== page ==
Yes, it is impressive. But as insiders we know the real story. It's a beautiful "reimagining" of reality, since the colors are not what one would see but are "assigned" colors for each of the gaseous components. If it helps NASA to sell programs like this, I am all for it, but they should more forthcoming about what the public is really seeing here.
Uhh, what? The link posted very clearly states that
The blue color is light from the hottest, most massive stars; the green from the glow of oxygen; and the red from fluorescing hydrogen.
so no insider info required.
I thought this was a well-known feature of astrophotography. Not only does it result in visually pleasing images, it also serves real science by helping visualize different gases and their concentrations. Human vision is not equipped to deal with the vast variance in wavelengths, so it's much more useful to compress the colorspace to something we can readily see - think compressing your ProPhoto RGB images to sRGB for web use.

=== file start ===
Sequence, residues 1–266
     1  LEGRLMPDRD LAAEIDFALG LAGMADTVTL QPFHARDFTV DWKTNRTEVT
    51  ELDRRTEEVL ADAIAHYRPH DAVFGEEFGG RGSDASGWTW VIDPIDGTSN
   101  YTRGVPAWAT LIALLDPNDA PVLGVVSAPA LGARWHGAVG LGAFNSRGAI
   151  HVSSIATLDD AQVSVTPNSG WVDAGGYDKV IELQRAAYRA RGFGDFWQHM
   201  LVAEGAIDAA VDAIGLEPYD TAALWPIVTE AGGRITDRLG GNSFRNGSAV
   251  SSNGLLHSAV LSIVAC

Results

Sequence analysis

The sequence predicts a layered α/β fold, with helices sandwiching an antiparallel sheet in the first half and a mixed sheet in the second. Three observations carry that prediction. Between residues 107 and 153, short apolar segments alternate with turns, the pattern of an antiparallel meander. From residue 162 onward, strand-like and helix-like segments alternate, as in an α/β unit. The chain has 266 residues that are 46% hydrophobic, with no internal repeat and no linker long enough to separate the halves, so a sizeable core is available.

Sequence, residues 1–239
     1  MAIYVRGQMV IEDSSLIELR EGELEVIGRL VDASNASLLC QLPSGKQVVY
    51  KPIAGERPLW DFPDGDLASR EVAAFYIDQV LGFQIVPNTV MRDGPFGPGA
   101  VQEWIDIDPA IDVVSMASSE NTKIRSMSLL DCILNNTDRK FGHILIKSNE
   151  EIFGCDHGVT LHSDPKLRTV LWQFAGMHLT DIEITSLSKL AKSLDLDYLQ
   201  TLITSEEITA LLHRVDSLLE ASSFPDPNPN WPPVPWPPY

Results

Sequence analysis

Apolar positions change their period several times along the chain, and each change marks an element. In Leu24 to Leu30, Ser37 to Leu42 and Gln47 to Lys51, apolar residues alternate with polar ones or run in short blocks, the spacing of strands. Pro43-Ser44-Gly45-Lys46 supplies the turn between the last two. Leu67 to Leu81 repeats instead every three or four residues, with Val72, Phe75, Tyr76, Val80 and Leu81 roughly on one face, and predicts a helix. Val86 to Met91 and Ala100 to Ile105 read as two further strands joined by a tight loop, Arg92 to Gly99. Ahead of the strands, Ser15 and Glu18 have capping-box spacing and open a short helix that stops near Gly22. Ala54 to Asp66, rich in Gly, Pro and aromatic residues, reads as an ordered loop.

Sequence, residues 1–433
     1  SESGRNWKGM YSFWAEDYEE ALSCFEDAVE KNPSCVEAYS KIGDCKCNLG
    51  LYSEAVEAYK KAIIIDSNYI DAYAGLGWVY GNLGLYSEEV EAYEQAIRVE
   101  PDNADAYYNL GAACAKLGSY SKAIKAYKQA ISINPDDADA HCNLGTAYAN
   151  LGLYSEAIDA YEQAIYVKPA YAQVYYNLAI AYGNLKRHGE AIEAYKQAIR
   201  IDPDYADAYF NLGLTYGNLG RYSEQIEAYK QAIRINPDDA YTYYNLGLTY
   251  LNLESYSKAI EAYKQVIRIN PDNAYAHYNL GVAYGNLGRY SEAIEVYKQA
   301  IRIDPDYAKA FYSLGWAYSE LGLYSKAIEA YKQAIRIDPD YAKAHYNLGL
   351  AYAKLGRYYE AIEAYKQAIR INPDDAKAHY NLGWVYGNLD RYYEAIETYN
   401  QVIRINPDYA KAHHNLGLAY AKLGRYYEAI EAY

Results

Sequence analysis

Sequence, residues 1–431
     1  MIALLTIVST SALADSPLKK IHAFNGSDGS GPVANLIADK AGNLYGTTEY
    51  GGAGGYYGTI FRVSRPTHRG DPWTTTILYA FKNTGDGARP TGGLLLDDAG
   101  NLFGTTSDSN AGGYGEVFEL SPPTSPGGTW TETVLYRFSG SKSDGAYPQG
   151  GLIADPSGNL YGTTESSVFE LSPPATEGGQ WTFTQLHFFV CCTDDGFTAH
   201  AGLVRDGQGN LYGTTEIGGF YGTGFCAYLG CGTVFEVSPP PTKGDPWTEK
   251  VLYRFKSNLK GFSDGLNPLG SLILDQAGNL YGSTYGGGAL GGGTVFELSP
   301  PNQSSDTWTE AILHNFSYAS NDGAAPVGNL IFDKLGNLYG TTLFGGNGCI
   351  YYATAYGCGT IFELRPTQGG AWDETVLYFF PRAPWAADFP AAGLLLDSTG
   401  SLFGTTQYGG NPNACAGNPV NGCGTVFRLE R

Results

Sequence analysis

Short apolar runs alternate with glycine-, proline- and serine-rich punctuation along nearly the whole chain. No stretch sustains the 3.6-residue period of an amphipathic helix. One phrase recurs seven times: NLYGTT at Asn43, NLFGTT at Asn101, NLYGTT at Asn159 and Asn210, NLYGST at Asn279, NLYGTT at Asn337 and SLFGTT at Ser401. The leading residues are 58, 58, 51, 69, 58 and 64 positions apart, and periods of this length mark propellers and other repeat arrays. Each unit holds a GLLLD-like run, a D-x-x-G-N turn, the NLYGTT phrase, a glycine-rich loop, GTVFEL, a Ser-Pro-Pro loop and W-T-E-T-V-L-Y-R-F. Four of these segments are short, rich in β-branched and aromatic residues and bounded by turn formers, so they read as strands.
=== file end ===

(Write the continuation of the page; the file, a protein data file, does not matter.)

And what ckimmerle said. It's not like moderate saturation and color accuracy are in vogue in these days of HDR and overuse of Vibrancy slider.